I was recently asked a good question about what it means when we invite domestic candidates to interview ... and what it means when we don't. Let me start by explaining our interview policy. We have an open interview system, which means that the vast majority of people who interview with us initiate the interview themselves. Our system is different from that at many other schools, where most or all of the interviews are conducted by invitation only, after an initial review of your file. We believe that our open interview policy is consistent with the rest of our review process; specifically, we believe in giving all applicants equal consideration, regardless of their quantifiable metrics. So, even if your GMAT, GPA or work experience is below our average, you still have the opportunity to come to campus, meet us and interview. We really encourage all interested candidates to visit Tuck and get a feel for our community. Fit, as I have mentioned before, is extremely important to us; and it is crucial that you experience Tuck so that you can also make an informed decision about the environment.
What can you expect when you get here? (And will I ever answer the question about invitational domestic interviews?!) Most often, candidates will sign up for an interview, tour and class visit. Your day at Tuck will include multiple opportunities to interact with current students, who serve as class and lunch hosts as well as tour guides. The interview itself is a very important part of our evaluation. However, we do not believe in "stress" interviews, and will not deliberately try to destabilize you. Instead, the interview is an opportunity for you to get to know us and for us to evaluate your interpersonal skills, learn more about your experience and interests, and for you to learn more about Tuck. We do not ask questions like "if you were a tree, what kind of a tree would you be?", but you can expect to talk about your career goals, teamwork and leadership skills and your interest in Tuck. Many of you will interview with a highly trained second year Tuck student, which is another great opportunity for you to learn about our school. (Interviews with second year students are every bit as official as those conducted by an Admissions Officer. In fact, our students are in a unique position to evaluate fit and your ability to contribute to the community.)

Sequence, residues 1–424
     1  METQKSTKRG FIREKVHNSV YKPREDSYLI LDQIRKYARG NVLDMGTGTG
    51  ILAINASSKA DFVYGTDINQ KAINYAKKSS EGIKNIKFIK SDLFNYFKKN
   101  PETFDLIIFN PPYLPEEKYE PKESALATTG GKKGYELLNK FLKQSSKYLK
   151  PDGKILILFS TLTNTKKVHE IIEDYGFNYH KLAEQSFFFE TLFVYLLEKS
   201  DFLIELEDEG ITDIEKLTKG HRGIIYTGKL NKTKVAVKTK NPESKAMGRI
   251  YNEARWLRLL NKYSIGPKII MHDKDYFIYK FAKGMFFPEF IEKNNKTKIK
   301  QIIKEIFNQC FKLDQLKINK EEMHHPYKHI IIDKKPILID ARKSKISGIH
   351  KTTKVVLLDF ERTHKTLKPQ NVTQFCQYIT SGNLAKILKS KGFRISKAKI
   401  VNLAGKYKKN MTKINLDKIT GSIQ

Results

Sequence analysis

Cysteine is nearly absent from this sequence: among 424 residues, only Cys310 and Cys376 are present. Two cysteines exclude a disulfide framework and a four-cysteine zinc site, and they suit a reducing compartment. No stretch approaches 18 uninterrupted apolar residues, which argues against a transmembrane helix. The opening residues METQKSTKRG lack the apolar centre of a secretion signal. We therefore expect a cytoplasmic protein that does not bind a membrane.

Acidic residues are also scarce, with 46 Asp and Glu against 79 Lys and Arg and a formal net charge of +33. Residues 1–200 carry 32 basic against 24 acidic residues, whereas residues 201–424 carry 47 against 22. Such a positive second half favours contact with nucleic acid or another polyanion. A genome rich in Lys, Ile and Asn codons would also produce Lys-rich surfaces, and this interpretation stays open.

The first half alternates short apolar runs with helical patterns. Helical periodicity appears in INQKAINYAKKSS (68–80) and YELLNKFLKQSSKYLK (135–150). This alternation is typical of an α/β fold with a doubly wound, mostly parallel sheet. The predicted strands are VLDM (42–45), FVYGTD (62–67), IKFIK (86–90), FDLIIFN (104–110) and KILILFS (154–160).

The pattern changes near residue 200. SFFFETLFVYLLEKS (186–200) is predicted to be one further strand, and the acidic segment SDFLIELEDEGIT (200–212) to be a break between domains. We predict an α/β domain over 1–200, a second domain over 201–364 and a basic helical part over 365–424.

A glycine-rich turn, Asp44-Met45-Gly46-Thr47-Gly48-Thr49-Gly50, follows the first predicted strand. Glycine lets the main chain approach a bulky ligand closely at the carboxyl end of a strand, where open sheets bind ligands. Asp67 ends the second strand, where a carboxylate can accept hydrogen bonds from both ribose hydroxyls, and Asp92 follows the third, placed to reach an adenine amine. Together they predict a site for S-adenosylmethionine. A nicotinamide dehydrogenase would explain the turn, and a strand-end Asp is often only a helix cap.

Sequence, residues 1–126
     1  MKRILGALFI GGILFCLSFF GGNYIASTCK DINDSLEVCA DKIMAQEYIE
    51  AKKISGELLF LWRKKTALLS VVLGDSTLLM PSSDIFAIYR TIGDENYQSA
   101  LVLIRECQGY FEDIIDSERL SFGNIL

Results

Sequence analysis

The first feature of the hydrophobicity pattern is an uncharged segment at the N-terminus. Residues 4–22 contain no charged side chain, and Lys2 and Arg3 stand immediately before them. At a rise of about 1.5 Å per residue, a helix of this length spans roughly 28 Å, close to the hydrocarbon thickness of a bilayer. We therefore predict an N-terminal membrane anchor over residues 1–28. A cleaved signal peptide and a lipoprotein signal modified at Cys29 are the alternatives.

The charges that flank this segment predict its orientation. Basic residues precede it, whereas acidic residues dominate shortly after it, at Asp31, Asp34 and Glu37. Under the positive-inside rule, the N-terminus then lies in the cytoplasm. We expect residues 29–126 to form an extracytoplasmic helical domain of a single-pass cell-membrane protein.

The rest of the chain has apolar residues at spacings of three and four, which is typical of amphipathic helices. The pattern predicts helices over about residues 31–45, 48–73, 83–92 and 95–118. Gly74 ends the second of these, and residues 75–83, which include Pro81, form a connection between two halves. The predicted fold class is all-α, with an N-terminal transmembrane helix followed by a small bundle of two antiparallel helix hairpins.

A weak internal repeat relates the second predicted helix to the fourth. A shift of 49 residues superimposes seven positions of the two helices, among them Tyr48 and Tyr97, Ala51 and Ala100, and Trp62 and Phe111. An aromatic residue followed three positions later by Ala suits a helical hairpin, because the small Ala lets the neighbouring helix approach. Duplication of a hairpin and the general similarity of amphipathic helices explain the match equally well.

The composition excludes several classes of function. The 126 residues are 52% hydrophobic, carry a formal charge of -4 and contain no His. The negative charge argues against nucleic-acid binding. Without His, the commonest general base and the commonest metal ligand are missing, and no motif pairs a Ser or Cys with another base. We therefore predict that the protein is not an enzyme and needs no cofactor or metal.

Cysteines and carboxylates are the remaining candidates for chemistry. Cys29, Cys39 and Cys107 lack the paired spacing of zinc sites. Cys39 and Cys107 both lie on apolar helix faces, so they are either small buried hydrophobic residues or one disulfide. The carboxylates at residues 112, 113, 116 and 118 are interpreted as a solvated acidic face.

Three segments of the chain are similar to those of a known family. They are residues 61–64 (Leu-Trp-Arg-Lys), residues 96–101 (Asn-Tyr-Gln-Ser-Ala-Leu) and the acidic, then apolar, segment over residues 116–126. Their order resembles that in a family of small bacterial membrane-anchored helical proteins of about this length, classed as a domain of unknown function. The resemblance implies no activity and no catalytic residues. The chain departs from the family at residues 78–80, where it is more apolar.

All of which brings me, at long last, to the question about invitational domestic interviews. It is unusual for us to invite a domestic candidate to interview. People travel from all across the globe to visit Tuck, so if a candidate who lives on the East Coast doesn't make the effort to schedule an interview, we are disinclined to schedule one for them. However, each round we usually invite a few domestic applicants to interview. We would like to get to know these people better, and they often (although not always)live relatively far away from campus, so we understand that it may not have been feasible for them to come. Of course, we also understand that candidates have all sorts of valid constraints - financial, work and family commitments, military obligations, etc. Nevertheless, although we do invite some people with these kinds of constraints to interview, it is unusual. The bottom line is that it is definitely a positive sign if we invite you interview, in that it indicates our desire to learn more about you, but don't read too much into it if we don't extend an invitation. Most domestic candidates schedule their own visits, and we are unlikely to prompt you to do so.
I hope this helps to clarify our thinking - and I know that there is lots more to discuss on this topic, including international interviews. Please feel free to suggest topics / ask additional questions. Thanks for your interest!